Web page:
W. K. Winecoff

    December 11, 2012 at 12:40 am

  2. One downside of pressuring students to get out quickly is that it dissuades them from taking on more ambitious projects. I know that had the department put more pressure on me to finish within five years I could have done it with a quantitative dissertation based off my M.A. project, but as one of my advisors once said, it would have been a series of “punts” to get shorter, less ambitious projects out and under review. I’m incredibly grateful our program supports us for longer because I felt comfortable taking on the risk of a much more ambitious multi-method research project with a full year of data collection in the field, which will ultimately contribute much more to sociology. It was a wonderful opportunity to be able to do that without the pressures of teaching multiple courses or a tenure clock ticking. I’d be curious to see the average quality of research that grads produce who are pressured to finish quicker, and where they are placed in jobs.
    It often takes time to learn the craft of how to publish in sociology where good work makes theoretical, methodological AND substantive breakthroughs. This is different than articles in some other fields (which get students out faster) but publish shorter empirical articles.



    December 11, 2012 at 1:24 am

  3. I was talking to a professor once who actually said he regretted ending his Ph.d studies too early. He said he took 5 years to finish, but wished that he’d stayed an extra year or two because of the “experience” of grad school is just so enjoyable. He also said that he thinks he could’ve learned more by staying an extra year or two.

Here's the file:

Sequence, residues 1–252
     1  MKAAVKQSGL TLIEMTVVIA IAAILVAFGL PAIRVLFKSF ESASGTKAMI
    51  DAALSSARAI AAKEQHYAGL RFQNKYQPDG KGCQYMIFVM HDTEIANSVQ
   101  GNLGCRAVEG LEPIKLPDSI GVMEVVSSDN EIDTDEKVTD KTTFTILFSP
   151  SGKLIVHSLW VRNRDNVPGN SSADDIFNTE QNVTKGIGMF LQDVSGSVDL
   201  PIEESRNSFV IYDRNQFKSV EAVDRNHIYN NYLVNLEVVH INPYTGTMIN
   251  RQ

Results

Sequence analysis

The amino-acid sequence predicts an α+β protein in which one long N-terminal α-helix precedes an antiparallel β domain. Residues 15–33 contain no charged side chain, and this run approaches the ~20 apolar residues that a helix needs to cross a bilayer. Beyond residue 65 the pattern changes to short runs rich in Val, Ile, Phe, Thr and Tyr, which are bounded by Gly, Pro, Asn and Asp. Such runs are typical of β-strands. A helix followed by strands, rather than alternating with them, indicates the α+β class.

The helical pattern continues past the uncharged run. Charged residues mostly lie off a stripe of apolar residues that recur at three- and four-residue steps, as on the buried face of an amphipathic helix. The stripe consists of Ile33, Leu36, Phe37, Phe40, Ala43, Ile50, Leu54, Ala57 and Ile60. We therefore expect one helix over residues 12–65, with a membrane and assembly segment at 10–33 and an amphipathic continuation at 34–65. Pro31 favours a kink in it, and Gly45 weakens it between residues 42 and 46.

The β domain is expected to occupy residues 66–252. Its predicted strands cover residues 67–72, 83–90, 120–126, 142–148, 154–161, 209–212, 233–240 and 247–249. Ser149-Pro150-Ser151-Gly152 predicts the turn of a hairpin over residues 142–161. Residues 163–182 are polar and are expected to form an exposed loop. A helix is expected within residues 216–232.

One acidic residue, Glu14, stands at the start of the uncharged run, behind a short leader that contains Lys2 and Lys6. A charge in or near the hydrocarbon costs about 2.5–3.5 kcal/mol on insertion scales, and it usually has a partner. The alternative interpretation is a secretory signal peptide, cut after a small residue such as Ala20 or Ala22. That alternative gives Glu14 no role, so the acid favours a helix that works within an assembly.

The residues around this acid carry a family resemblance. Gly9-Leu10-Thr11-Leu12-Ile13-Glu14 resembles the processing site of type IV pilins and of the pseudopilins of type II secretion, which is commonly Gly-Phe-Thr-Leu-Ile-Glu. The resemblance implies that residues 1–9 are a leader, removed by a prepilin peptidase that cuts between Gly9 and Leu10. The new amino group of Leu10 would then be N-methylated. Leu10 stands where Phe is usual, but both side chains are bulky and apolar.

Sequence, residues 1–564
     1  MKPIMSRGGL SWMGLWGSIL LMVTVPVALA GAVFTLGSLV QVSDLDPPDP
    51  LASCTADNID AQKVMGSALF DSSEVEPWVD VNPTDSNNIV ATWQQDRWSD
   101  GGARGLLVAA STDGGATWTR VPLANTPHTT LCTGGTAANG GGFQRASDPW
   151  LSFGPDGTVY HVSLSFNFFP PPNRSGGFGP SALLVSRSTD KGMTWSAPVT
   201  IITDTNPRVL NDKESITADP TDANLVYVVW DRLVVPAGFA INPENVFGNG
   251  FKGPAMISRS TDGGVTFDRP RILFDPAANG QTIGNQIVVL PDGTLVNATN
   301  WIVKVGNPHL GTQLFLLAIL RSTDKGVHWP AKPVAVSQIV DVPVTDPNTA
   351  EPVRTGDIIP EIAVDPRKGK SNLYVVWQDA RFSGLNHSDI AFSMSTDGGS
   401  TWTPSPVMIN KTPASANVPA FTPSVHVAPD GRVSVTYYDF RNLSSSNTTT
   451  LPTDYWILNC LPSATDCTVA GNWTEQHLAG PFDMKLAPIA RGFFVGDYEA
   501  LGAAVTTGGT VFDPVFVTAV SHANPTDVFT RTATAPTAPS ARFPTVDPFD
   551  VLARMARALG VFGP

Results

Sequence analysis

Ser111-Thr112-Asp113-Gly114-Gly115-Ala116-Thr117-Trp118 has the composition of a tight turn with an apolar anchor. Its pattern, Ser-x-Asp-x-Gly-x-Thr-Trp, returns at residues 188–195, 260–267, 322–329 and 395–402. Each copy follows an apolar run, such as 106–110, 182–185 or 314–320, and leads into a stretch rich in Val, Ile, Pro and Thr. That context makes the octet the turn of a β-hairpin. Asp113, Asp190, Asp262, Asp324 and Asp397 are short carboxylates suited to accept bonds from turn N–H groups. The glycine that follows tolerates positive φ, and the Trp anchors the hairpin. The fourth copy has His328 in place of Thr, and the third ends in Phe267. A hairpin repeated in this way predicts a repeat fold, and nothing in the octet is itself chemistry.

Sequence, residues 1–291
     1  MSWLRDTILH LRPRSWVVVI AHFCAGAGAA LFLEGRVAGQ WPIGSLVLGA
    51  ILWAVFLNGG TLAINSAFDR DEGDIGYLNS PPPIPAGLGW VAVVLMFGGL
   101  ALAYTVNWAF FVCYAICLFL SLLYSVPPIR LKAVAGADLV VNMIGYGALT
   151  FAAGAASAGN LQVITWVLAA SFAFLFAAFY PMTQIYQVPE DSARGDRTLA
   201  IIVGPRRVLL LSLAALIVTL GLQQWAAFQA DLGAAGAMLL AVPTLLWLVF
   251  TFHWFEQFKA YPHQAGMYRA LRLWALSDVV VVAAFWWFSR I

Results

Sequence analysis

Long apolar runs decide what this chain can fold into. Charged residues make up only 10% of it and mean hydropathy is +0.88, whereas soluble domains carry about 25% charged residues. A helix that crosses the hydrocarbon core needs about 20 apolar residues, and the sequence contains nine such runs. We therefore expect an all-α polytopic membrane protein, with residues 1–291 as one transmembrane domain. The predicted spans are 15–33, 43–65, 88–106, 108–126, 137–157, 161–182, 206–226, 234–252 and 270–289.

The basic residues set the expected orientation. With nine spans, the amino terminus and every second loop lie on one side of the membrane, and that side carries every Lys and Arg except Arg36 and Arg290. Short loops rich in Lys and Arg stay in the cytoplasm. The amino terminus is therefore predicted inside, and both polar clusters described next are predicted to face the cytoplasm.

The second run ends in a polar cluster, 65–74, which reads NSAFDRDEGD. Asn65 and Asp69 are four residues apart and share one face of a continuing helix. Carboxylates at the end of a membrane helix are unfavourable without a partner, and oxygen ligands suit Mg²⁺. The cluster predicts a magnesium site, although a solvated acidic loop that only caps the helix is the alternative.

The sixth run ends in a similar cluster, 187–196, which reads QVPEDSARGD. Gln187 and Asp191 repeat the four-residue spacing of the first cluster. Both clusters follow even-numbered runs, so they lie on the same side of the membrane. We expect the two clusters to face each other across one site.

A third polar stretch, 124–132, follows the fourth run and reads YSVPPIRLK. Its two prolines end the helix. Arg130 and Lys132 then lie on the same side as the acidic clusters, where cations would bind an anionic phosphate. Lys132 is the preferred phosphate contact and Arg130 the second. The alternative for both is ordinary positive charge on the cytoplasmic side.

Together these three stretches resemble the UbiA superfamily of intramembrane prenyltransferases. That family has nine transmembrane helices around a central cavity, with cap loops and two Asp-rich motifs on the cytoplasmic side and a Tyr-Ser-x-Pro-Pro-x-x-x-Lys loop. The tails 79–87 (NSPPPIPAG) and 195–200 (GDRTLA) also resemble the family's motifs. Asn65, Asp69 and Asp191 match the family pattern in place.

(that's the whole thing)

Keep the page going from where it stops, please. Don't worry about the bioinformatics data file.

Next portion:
That being said, he’s a tenured professor fairly early into his career so perhaps he can afford to have these kinds of “regrets.”


    Andrew B. Lee

    December 11, 2012 at 1:33 am

  4. 1. Jaime: Get back to work!

    2. WK and Andrew: In thinking about PhD completion time, we have to distinguish between those who take long because they are getting better (e.g., more articles) vs. those who take long because they simply don’t have the capacity to complete their degree. The current system does not make this distinction.

    WK raised the issue of how hard it is to get jobs w/o pubs. Agreed. But remember, that’s true because we are all letting our students stay in school forever! In disciplines with short times, people are able to get jobs. Thus, if could solve the collective action problem and get all programs to systematically shorten times, you would have a labor market that is less publication oriented.



    December 11, 2012 at 4:21 am

  5. I think it’s hard to compare “short clock” fields like engineering or physics to the social sciences. It’s my understanding that while the PhD completion time is very short in these fields it is customary to have one (or often more than one) post-doc position before taking a tenure track faculty position precisely because the grads from these programs are not ready to be faculty members after only 4 or 5 years. Is it possible to think of the longer programs as sort of mashing the PhD and post-doc together?



    December 11, 2012 at 4:49 am

  6. JD: Get back to work!!!!!

    But yes, I’ve often thought that the modern PhD combines the degree + post-doc. Once again, though,the question is whether this is a good arrangement. For universities, it clearly is – you get cheap labor. For individuals, not so clear. You are essentially functioning as a prof, but at a fraction of the pay.